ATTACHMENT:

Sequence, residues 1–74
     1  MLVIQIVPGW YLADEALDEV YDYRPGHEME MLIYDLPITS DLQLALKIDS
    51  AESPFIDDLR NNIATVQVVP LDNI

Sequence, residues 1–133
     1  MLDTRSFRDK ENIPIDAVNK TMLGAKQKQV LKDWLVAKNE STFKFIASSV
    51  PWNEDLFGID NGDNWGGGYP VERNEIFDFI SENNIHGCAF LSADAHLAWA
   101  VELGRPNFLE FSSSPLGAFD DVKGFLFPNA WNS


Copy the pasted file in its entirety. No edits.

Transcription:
Sequence, residues 1–74
     1  MLVIQIVPGW YLADEALDEV YDYRPGHEME MLIYDLPITS DLQLALKIDS
    51  AESPFIDDLR NNIATVQVVP LDNI

Sequence, residues 1–133
     1  MLDTRSFRDK ENIPIDAVNK TMLGAKQKQV LKDWLVAKNE STFKFIASSV
    51  PWNEDLFGID NGDNWGGGYP VERNEIFDFI SENNIHGCAF LSADAHLAWA
   101  VELGRPNFLE FSSSPLGAFD DVKGFLFPNA WNS